# Quadratics: the unit that I don’t proud of

I explain why Quadratics is the unit that I don’t proud of

[This post is part of MTBoS mentoring program. This is post number #4 and is related to “Questioning” topic.]

Quadratics is the first unit I have to teach in ESPA 4. This is a course of adults education in Balearic Islands (Spain). What the students should know to do at the end of this unit are:

- Solving second grade equations
- Representing quadratic functions and getting the vertex, their orientation and the cut points with the axes.
- Solving real problems (in particular modelize situations with quadratic functions)

## How have I faced the unit until now

I have split the unit in three parts according with these aims. So there are three parts, which seem *unconnected*:

- In the first part, essentially, we solve 2nd-grade equations
- In the second part, we use 2nd-grade equations just for finding cut points with the axes
- And for solving problems we use 2nd-grade equations or finding the vertex of the parabola

### Solving 2nd-grade equations

For introducing this topic, I put this problem^{1}:

From this point, we make problems of finding the dimensions of a square with a fixed area.

After that, I put the analogous problem with a rectangle and we see that there are infinite solutions. So we have to restrict the problem: perhaps the height of the rectangle could be something related to the width. For example, the height could be 3 times the width. Also we trait the triangles:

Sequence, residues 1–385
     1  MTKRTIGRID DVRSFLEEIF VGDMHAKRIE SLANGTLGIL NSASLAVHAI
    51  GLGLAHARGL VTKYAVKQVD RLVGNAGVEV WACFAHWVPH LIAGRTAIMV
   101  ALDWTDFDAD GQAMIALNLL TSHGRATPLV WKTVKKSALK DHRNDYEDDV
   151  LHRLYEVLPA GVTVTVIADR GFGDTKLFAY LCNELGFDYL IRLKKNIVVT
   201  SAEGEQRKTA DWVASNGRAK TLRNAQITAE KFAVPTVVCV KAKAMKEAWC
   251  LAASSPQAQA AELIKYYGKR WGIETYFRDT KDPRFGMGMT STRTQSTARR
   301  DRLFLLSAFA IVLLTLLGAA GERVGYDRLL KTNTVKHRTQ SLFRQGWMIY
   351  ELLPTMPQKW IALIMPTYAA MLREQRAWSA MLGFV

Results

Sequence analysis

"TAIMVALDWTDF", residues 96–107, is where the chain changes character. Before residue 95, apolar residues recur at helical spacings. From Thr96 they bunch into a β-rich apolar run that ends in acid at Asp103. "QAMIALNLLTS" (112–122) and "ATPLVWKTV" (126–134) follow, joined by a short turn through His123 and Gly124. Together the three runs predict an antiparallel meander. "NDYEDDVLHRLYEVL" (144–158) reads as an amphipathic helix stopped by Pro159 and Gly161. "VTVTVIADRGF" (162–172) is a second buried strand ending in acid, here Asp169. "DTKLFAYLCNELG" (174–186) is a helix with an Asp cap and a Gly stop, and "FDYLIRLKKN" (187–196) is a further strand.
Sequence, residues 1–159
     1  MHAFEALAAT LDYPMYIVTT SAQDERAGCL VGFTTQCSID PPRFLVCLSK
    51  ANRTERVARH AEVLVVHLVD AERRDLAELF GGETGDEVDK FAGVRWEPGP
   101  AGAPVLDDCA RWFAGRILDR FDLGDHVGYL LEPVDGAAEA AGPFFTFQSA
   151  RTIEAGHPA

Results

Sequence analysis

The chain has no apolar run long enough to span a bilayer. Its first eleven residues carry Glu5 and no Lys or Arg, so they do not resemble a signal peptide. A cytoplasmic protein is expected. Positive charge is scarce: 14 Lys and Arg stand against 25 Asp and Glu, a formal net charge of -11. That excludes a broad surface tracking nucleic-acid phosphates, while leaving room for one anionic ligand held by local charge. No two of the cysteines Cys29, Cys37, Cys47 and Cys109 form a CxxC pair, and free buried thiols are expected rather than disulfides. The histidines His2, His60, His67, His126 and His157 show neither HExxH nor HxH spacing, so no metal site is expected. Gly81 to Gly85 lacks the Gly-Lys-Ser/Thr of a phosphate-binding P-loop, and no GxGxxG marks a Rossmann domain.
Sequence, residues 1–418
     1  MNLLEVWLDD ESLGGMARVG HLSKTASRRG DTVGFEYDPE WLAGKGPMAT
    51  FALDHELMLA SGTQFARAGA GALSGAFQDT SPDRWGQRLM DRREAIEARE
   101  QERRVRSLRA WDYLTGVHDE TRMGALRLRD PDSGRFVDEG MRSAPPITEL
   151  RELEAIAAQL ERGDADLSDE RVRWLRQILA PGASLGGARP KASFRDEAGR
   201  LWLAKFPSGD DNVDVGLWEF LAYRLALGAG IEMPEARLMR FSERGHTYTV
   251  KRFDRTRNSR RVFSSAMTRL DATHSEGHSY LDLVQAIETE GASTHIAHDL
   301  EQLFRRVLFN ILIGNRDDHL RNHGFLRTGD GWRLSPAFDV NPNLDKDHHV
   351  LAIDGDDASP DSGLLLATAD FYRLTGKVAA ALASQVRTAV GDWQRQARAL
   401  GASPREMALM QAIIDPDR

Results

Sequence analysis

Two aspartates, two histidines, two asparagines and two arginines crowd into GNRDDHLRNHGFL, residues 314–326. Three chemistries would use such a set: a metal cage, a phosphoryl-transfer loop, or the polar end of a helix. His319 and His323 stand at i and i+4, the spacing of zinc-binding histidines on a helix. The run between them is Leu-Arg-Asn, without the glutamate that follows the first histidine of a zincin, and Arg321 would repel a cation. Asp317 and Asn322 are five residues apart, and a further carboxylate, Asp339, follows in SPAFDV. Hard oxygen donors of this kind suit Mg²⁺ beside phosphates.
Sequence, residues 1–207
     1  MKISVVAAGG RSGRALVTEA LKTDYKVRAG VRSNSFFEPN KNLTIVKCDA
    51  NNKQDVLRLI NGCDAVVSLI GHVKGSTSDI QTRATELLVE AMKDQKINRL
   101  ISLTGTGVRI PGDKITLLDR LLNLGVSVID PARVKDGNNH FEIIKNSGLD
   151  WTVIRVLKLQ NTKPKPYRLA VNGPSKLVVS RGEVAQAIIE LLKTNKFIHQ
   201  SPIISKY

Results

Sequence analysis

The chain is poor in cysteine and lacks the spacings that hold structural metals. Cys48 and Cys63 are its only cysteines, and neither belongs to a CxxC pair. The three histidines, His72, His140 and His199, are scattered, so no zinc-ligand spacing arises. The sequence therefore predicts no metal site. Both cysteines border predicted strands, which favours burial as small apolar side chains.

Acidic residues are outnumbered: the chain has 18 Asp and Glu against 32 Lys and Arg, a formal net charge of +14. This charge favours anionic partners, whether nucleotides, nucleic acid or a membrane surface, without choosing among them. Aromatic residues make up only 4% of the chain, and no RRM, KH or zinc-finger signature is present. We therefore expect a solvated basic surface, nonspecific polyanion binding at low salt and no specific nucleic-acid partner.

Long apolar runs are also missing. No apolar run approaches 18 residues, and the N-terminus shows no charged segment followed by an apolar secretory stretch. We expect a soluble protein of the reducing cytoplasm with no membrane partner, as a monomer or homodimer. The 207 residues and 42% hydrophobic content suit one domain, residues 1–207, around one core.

But we restrict our dependency to number *times* a dimension. In this step all the 2nd-grade equations are of the form $ax^2 = b$.

Then, we make a *small* change: the dependency of one dimension is a number *plus* the other dimension:

With this kind of problems, we get complete equations (of the form $ax^2 +bx + c = 0$). After that we practice solving 2nd-grade equations. Just equations, no problems.

### Representing quadratic functions

In this part, I remember the cartesian plane and how we could read or write coordinates and points to/from it. And inmediately I teach how to represent quadratic functions and we just “resolve” exercises of representing them:

### Using quadratic functions and 2nd-grade equations in the reality

It is supposed that this section represents the real applications to all of the previous stuff. But I can’t achieve what is pretended. A sample of my problems is this:

(in the last two problems of this sample, the students have just to apply a formula)

I have never been able to find optimization problems which are real, easy and interesting.

## What I have to improve

- The introduction to 2nd-grade equation must be shorter. We usually spend two or three weeks.
- I need better models for introducing the second grade equations.
- I need to attach the lesson to the reality, overall the quadric functions. I have been thinking about it many times.
**The**real application of quadratic functions is the parabolic shot (Teaching Channel 2015; Meyer 2010). But its governing equations are very much complicated for my students. So I’ve been stucked.

# References

Meyer, Dan. 2010. “Will It Hit the Hoop?” 2010. http://blog.mrmeyer.com/2010/wcydwt-will-it-hit-the-hoop/.

Teaching Channel. 2015. “To the Moon!” 2015. https://www.teachingchannel.org/videos/paper-rocket-lesson-plan.

All the problems here are translations from their original ones in catalan.↩︎